Seriously though, let’s not get creepy; just do some light digging to figure out what kinds of hobbies they enjoy, what state they live in, or even what they dislike (now you’ll know what to avoid.) Getting to know your customer enables you to connect with them on a professional level, and you will have better luck with managing their expectations for your services.

5. Put Yourself in Their Shoes

Think about it–they have a problem, and you have a solution. They’re turning to you for your service as a sort of saving grace. They need to navigate a business issue and continue to grow their business. You have a potential solution.

With this in mind, put yourself in their shoes—there’s probably a feeling of anxiety and nervousness with hiring a contractor or freelancer. So, while it’s essential to ensure that you’re managing their expectations, you should also have some empathy, and be prepared for slight variations or minor mishaps along the way—it’s all part of the ride.

6. Prime, Remind, Repeat

Predict, anticipate, and understand your customer’s needs. Indeed, you’ve solved similar problems before—so when your customer forgets to mention an important detail about a deliverable, timeline, or expectation, use your common sense. With mounting pressure, it’s common for customers to make mistakes regarding specific details, and as an expert in your craft, you should be ready for this, and deliver the obvious for them, even if it’s “accidentally” left out of the initial conversation. Believe us; they’ll be thrilled that you were intuitive and thought ahead.

7. Set Up a Contract

You can find a variety of contract templates through a simple internet search, so you won’t need to start from scratch here. Writing up the details of your project will make it easier for both you and your customers to understand and hold true to the terms of your agreement. This way, if customer expectations become unrealistic, you can always refer back to a signed contract that clearly outlines the services you are exchanging.

This can also be something you can have customers agree to during the payment process if you don't have a more formal signed or digital signature requirement.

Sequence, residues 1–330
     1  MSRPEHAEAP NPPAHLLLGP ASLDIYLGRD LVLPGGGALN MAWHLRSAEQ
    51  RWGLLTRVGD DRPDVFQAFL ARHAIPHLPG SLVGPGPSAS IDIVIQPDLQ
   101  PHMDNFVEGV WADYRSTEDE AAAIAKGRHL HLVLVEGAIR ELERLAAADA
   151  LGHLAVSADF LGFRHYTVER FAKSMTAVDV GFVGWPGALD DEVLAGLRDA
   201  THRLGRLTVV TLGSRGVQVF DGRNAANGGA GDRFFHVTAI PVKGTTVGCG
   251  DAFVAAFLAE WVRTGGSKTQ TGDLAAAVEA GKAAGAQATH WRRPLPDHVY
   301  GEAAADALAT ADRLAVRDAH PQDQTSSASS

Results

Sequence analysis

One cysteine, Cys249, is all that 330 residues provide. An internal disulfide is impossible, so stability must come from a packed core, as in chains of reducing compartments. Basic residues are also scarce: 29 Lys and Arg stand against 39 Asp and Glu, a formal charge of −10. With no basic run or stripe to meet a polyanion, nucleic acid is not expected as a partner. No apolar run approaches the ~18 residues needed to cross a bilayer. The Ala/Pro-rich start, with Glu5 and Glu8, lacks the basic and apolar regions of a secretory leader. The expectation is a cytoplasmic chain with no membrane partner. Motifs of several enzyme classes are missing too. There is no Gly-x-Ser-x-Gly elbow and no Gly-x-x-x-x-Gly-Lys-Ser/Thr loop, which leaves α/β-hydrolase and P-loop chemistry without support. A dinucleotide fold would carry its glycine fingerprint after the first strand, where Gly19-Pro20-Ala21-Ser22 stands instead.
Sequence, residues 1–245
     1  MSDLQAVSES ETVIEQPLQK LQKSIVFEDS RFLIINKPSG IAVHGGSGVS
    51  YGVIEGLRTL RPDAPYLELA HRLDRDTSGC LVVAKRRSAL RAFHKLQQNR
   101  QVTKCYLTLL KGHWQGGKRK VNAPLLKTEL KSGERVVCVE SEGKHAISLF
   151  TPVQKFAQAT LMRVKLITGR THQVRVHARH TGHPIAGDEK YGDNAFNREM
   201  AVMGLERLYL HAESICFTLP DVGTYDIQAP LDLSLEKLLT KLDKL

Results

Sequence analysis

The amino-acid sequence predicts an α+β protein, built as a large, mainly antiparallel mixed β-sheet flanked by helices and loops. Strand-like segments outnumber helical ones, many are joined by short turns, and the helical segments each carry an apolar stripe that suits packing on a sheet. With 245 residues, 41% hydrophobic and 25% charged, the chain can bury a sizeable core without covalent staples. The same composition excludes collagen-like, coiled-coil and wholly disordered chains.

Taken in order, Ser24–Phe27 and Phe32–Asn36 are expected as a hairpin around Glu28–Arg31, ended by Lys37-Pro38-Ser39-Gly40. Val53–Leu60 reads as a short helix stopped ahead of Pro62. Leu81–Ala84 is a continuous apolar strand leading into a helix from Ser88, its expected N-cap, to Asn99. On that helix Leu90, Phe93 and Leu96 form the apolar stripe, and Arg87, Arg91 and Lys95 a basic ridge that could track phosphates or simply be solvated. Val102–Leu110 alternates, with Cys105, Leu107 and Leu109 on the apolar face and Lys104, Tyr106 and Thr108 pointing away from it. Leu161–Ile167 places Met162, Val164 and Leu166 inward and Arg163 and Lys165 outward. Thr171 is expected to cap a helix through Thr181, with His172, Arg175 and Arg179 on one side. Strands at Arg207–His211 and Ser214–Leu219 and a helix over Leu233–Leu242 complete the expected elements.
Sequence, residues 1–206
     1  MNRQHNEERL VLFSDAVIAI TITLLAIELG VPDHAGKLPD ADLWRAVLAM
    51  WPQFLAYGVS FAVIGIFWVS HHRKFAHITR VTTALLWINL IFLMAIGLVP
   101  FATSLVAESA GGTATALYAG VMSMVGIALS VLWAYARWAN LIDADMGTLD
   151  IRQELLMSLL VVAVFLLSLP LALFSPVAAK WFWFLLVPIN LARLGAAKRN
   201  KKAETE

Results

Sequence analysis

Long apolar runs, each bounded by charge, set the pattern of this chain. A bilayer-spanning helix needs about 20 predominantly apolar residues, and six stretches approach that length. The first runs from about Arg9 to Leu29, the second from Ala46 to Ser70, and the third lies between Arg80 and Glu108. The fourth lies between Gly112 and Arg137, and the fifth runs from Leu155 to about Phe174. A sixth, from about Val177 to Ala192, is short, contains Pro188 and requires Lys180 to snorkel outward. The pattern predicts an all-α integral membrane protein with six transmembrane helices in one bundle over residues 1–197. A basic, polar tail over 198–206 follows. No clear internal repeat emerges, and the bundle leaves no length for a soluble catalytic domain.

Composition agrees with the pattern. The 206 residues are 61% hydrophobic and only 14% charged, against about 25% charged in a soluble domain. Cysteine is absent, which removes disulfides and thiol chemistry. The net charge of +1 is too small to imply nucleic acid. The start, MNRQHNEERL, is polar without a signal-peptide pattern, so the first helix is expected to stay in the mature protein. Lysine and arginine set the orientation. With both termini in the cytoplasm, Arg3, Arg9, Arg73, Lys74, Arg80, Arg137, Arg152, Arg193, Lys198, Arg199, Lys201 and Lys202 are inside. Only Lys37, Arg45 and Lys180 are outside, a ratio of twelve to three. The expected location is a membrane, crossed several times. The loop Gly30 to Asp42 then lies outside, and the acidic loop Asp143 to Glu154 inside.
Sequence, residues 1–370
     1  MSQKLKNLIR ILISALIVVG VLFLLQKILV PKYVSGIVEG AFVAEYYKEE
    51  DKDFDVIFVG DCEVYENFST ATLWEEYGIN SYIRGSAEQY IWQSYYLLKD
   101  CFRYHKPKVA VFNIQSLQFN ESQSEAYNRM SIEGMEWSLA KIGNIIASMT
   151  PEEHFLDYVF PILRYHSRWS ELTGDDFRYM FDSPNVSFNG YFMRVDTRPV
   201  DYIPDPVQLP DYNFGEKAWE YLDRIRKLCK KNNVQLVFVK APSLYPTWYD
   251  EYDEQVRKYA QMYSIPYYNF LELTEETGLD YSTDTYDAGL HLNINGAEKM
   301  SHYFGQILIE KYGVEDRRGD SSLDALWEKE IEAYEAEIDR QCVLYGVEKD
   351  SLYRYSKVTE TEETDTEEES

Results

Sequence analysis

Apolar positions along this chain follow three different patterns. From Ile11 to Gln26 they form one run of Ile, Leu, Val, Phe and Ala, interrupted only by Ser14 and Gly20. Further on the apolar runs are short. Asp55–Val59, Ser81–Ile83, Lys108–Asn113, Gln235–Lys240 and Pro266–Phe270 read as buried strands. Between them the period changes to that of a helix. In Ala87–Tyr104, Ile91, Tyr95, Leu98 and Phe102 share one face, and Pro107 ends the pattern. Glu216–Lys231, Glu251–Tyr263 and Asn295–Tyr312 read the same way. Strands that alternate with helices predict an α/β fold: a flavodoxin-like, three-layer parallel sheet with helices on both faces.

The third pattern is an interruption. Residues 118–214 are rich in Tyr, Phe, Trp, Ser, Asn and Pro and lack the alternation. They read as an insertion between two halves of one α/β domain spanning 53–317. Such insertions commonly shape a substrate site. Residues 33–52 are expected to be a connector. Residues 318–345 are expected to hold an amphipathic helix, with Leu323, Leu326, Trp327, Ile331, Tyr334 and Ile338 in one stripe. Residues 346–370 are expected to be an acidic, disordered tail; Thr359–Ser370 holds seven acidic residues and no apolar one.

8. Under Promise and Over Deliver

This might sound cliche, but it’s one of the most effective ways that you can have long-term success in managing your customer’s expectations. There’s nothing more impressive than when you bring your customer an aspect of a project that they might not have expected. It doesn't have to be huge, just a little piece of extra effort to show that you truly care about them as a customer.

Of course, on the flip side of this notion, you never want to over-promise, and under-deliver. If the customer is expecting something out of you, that you agreed on, then you should deliver it. Remember that when you’re defining the deliverables of the projects, make sure that you agree on things you can actually produce—avoid disappointment!

Recap + What to Do Next

Most likely, you started doing what you do because you have a passion for the work—not a passion for managing customer expectations. However, there are simple ways to avoid headaches and frustrations when you set boundaries, establish clear communication, and develop relationships with your customer that lead to more productive work and deliverables that “knock it out of the park.”

So, when your next customer inquiry comes in, consider trying out a few, or all of these practices. You might be surprised at how smoothly your projects can go.

Tyler